Wife #3.  Lora Mae will not be surprised to return to an empty mansion.  Well, not exactly empty since her mother has moved in.  She knows all too well that Porter Hollingsway, despite his blue-collar roots and gruff manner, has tons of money and would be a feather in Addie Ross's hat.  Lora Mae can't really fault Addie if she does steal Porter, since that's how she, Lora Mae, hauled him in, using her breathtaking beauty and coy hard-to-get charm(8).  She'd played it note perfect, wearing the guy down.  "Okay.  Okay, you win," Porter says.  "I'll marry you...you made a good deal, Lora Mae."(9)  It wasn't a real proposal but it was enough.  The omniscient Addie, however, knows that's not really true.  "You haven't gotten everything that you wanted after all," she purrs.  Lora Mae knows that's the truth.  When she does get home she finds that Porter is there after all.  Yet they still fight.  "I've been a good wife," she screams at him.  "The best wife money could buy."  Both she and Porter are too alike.  

The joy of this movie for me is the manner in which Mankiewicz wraps his stories in three different styles that suit each couple.   

Our first couple, Deborah and Brad Bishop, live in handsome splendor, yet this is also the funniest segment with its country club ball sequence right out of a screwball comedy--the farm girl being thrown into high society, and yet having the spunk to make it on her own terms.  Couple two, the Phipps, have a set-to à la Tracy and Hepburn, and still manage to emerge with respect for each other.  Couple three, the Hollingsways, are a different breed, both coming from unpolished situations.  This last segment recalls those pictures in which a woman from lowly circumstances is able to stand up for herself and even triumph.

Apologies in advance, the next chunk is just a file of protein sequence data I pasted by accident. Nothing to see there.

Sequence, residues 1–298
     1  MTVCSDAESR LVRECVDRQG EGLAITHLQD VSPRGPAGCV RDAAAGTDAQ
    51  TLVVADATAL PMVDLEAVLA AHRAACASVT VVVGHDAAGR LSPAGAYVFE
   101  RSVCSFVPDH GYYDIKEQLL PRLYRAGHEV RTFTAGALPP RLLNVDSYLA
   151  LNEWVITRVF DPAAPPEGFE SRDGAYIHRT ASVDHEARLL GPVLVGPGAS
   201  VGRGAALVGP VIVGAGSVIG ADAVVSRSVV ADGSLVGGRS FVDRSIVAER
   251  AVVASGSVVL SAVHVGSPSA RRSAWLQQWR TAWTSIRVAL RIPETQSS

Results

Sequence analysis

Flashbacks in movies of this era are usually spurred by a narrator wanting to convey something to another character in the movie, e.g., Walter Ness explaining to Keyes why he went wrong (Double Indemnity), Jeff Bailly revealing his past to the woman he loves (Out of the Past); or someone uncovering someone's past:  the newspaper reporter in Citizen Kane trying to find the key to Rosebud.  

Mankiewicz's flashbacks serve a different purpose  Not only do we, the audience, come to understand appreciably more about the three couples, but, more importantly, each woman is able to compare her present self with her earlier self, and to understand what she has had to do to reinvent herself for her husband.  She may not always like that reinvention, but she has the courage and grace to compromise without demeaning herself.  

It isn't a stretch to say that Mankiewicz introduced a new vocabulary for women in 1949, a fresh way for them to see themselves.  What "A Letter to Three Wives" does perhaps better than any movie of the post-war era, is to show that women can indeed accommodate themselves to multiple roles, and still keep their own identity.